Let me invite you into my world (as if I don't do so with every post) and share a little with you about the dynamics in my home. Last night I went to the 'Bucks to work on...yep, you guessed it--
grad school application essays
--and ended up writing something entirely unrelated to the application process (but that's beside the point), and hours later dragged my exhausted self into my house, ready to crash. Some dear friends of ours, Mary and Steve, were over watching the Kansas State/Texas basketball game, a couple who I hadn't really seen in over a year. I love these people, even though it may not show through the fact that they live just up the street and I haven't stopped in to say "Hi" in over a year. So despite my poor correspondence skills, I was excited to see these two who mean so much to me, despite my exhaustion and the paired fact that I had to hit the sack anyway to get up early for work today.
We chatted for a minute, I put a miniscule dent in the cheese ball deemed for their sporting event, discussed my insomnia, my recent vacation, grad school. I said "See ya," and as I headed to my bed chamber no one promised to be quiet, because there were five minutes left in the neck-and-neck game. I didn't expect them to be quiet, was too tired to be angry about it, figured I was tired enough that I might fall asleep despite extra noise, and above all else I've kind of given up on sleeping at normal hours anymore. It's a battle I'm losing the way only a true loser can lose, so why put up my fists anymore? At least I have a good book to read right now (Girl Meets God, Lauren Winner), and reruns of "The Nanny" are on Nick at Nite.
Shortly after I crawled into bed I heard faint bell ringing coming from the living room. If your guess is that this was alarming to me, you would be wrong. This is because my family has rung bells for sporting events for as long as I can remember. Since 1994 at least.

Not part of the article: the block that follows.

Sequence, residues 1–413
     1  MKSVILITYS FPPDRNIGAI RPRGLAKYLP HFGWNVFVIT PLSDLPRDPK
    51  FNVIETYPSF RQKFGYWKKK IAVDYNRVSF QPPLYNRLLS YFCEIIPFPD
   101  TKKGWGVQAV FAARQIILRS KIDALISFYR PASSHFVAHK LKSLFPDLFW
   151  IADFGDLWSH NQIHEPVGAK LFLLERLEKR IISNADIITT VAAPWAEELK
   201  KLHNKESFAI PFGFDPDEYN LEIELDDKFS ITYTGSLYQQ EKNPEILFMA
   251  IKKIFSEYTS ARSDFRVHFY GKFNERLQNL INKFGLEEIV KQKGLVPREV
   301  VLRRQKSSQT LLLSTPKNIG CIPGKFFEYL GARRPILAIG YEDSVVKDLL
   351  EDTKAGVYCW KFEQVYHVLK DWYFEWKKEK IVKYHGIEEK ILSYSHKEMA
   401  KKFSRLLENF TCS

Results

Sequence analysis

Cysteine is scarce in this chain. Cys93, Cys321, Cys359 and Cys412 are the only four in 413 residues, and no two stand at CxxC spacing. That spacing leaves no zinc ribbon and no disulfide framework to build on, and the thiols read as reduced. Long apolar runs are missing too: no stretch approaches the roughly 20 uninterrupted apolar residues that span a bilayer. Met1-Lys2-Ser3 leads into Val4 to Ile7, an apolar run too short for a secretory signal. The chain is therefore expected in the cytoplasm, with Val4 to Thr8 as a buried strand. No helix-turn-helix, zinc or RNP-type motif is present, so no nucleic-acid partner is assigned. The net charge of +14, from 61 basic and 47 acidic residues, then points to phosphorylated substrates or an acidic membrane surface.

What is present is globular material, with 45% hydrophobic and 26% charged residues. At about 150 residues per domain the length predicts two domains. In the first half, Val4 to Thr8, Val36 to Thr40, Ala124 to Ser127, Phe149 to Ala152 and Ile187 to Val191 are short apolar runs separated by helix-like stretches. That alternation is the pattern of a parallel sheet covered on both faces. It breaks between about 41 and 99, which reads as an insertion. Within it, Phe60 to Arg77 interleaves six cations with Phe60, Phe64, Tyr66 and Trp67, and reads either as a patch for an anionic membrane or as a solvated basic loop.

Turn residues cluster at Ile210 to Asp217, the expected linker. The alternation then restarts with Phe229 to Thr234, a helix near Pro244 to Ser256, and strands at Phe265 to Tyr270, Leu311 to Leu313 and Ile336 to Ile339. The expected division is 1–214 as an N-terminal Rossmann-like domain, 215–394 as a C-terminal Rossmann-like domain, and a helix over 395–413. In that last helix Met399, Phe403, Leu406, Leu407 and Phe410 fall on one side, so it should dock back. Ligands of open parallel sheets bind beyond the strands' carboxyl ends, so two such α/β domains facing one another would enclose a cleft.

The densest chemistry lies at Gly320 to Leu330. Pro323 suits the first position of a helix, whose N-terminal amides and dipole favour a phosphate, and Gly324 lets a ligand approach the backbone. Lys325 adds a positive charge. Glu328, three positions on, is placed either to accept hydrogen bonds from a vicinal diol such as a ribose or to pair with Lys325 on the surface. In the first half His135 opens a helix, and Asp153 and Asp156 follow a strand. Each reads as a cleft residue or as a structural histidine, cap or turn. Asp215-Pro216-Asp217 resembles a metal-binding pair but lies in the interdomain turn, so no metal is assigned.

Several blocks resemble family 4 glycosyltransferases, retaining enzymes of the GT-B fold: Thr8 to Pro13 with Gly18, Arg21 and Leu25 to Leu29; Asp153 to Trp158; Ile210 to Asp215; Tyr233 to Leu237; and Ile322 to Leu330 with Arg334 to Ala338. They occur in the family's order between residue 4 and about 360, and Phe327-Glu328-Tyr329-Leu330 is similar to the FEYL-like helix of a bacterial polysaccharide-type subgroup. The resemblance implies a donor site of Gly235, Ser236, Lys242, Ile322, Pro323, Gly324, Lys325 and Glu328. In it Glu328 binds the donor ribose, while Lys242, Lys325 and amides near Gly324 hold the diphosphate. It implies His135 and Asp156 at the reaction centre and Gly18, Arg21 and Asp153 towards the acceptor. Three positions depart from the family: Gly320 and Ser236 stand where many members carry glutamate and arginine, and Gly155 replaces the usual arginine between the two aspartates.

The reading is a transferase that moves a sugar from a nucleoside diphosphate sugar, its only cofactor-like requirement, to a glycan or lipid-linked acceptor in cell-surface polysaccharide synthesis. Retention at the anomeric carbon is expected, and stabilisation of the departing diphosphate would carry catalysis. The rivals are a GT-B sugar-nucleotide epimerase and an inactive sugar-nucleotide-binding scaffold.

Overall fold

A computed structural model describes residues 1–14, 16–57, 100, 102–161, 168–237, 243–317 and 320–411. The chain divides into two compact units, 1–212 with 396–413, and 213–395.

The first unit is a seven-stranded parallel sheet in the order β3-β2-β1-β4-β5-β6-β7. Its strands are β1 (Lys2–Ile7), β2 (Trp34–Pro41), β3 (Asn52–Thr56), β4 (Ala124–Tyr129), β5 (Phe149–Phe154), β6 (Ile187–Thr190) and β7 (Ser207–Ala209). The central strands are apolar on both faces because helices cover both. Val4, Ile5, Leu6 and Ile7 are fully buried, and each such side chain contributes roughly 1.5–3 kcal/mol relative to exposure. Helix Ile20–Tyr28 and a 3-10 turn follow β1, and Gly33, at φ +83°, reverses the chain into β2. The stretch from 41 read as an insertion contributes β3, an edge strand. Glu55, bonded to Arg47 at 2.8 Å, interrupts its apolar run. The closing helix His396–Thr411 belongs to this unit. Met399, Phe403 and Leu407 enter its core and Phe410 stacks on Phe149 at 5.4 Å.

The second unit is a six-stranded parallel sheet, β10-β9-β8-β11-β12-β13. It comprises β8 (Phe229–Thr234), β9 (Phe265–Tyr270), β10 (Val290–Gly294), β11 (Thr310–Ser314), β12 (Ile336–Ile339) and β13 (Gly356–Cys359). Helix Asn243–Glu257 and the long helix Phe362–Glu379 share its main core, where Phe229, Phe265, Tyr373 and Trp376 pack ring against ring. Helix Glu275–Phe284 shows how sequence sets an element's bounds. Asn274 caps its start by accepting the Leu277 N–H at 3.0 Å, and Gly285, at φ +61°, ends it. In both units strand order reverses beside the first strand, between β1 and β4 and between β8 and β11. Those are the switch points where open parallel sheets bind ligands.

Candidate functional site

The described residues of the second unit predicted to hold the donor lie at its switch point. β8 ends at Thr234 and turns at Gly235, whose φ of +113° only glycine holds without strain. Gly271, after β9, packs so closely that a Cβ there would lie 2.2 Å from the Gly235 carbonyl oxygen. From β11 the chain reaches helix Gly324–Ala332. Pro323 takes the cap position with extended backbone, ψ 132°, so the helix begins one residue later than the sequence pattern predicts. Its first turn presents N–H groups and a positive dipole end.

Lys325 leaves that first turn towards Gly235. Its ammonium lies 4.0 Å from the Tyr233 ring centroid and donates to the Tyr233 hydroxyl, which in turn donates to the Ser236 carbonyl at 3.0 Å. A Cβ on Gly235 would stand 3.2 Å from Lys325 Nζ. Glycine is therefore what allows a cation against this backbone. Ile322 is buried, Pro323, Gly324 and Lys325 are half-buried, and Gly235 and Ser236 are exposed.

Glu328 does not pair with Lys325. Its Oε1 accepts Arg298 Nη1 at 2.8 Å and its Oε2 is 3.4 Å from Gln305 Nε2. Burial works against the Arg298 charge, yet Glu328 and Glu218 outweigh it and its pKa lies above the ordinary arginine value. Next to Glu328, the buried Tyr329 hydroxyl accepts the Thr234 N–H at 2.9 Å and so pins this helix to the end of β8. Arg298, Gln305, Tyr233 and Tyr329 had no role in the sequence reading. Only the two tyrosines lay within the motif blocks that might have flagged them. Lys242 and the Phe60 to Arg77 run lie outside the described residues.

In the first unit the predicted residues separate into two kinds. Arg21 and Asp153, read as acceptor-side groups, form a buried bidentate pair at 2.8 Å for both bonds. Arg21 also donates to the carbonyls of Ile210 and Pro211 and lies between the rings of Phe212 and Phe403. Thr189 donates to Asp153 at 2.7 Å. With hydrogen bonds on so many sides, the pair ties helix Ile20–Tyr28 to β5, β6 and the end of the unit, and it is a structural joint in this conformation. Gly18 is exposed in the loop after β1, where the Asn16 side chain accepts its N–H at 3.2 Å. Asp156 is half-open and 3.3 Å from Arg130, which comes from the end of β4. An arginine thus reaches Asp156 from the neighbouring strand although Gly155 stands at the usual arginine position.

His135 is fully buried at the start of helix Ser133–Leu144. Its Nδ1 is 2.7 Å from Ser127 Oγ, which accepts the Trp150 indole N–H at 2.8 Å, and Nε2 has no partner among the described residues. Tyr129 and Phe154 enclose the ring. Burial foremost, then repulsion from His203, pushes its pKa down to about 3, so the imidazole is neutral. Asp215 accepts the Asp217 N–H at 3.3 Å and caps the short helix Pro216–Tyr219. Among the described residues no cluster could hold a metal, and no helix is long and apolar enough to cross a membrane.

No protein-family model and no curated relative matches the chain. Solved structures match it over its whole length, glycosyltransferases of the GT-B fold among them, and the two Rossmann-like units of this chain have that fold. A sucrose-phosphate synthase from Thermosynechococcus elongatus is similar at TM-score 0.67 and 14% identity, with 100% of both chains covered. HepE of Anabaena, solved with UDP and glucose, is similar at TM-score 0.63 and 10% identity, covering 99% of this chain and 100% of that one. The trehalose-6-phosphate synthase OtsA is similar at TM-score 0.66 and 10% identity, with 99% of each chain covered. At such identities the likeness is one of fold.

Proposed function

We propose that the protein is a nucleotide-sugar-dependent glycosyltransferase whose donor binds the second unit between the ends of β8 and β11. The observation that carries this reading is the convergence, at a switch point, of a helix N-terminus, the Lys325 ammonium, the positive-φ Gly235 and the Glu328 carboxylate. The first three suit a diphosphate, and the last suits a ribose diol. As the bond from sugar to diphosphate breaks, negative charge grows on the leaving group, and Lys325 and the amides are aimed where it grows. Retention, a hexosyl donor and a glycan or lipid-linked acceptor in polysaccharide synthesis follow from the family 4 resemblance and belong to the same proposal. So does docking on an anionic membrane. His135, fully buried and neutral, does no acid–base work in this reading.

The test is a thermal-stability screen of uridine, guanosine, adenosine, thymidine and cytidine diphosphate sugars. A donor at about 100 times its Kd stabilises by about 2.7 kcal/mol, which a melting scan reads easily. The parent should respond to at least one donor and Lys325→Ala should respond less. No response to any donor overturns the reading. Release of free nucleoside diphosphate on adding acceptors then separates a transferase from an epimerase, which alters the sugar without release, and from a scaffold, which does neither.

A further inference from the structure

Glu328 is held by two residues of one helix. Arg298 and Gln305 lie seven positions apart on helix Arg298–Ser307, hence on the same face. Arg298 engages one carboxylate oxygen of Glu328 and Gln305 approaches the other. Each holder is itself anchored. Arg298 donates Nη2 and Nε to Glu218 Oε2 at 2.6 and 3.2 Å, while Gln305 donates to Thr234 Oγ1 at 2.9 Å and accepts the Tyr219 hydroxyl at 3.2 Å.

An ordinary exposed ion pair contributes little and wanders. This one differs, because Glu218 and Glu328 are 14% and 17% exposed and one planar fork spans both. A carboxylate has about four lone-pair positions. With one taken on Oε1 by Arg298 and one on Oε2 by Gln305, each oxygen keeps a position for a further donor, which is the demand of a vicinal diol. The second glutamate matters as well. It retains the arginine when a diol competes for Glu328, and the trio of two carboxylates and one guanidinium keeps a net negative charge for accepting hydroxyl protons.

When the Chiefs or the Jayhawks score a touchdown, each family member
(except Riley usually, who boycotts the watching of football, but because he at least likes to play it and also because he's so incredibly cute we've decided to keep him)
grabs a bell (cow or otherwise), runs out the front door, down the front steps, down the entire driveway, then pivots and runs the same course back to the house, ringing his or her bell the entire way. When an extra point is scored, lather rinse repeat, folks, we need to show these teams our support, not to mention annoy the neighbors as much as possible. During high scoring games (obviously in recent years this would refer to Jayhawk games rather than Chiefs games), it is likely that your feet will be frozen, because you will tire of putting on shoes for each victory lap and will head into the tundra as you are, regardless of precipitation on the ground.
Point being, I was not alarmed at the sound of bells at 11pm.
Because teams score much more often in basketball than football, my parents and our friends were not running these aforementioned laps for each basket last night. But they were lightly jingly them in their laps each time K-State scored. After a few minutes only one bell could be heard, and I can guarantee you that bell belonged to my father, the noise maker from whom I inherited my own special volume level. I considered at one point to playfully yet seriously call upstairs and ask someone to "Please take that bell away from Dad," but decided against the move. Instead I read for a bit and then flipped on the TV to hang out with Nanny Fine.
The game ended soon enough, and it was evident that K-State had won. It was at this point that I heard my mother ask, "Tom, do we have any fireworks?" Mary, our friend, replied, "Oh yeah, that'll help Bailey sleep."
Now examine with me this situation:
1. 24-year old me arrives home at 10:30pm, declares to her 58 and 60-year old parents that she is going to bed, and asks them to keep the volume level down.
2. Within ten minutes, my parents procure bells.
3. Yet five minutes later, my mother suggests that she and her adult friends shoot off fireworks in our suburban cul de sac on a weeknight, while her daughter is trying to sleep in the basement.
Do these roles seem a little reversed to you? Shouldn't I be the one with friends over to watch the big game? Shouldn't my parents be reading in bed, asking us to keep it down? Shouldn't my friends and I continue on in our noisemaking regardless of a request to keep it down? Shouldn't twenty-somethings have the desire to shoot off fireworks, and otherwise carouse?
Well not for this household, friends. No no, it is I who am the representative old soul, and my almost-grandparent parents who keep track of the explosives around here.
And I wouldn't have it any other way.